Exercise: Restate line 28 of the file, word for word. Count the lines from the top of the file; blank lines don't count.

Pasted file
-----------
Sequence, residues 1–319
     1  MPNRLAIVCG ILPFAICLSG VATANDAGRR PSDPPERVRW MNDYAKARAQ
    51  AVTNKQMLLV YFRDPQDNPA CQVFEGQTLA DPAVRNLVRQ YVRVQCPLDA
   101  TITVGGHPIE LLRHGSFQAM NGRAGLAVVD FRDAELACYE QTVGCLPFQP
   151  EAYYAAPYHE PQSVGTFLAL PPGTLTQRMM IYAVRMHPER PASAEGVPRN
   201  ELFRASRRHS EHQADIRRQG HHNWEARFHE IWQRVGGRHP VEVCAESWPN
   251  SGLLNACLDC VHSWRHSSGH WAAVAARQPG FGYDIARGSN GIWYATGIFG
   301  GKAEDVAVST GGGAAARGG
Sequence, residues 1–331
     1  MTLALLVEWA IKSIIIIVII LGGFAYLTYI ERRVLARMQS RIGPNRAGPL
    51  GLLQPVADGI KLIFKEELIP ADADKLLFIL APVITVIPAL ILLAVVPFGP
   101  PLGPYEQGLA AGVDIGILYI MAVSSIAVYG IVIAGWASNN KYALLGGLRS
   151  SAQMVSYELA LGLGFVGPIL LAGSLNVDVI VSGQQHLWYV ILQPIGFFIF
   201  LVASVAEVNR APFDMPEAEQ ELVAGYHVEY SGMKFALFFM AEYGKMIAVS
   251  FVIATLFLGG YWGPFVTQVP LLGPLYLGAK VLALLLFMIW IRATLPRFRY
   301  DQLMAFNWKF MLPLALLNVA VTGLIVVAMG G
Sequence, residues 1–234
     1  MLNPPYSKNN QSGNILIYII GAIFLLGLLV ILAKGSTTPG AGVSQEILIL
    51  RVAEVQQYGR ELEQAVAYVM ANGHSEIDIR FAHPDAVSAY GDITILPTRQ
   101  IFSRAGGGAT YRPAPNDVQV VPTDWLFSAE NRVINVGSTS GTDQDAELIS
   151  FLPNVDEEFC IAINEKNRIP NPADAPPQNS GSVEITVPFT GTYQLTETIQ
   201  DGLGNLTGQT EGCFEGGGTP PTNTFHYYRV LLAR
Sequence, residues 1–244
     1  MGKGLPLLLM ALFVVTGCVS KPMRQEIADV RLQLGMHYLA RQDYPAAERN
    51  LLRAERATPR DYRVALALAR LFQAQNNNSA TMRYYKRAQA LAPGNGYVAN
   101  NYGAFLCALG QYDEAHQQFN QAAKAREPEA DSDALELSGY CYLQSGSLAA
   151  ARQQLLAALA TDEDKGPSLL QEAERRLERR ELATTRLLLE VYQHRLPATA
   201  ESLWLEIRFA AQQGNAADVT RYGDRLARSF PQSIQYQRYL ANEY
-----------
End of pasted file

   201  ESLWLEIRFA AQQGNAADVT RYGDRLARSF PQSIQYQRYL ANEY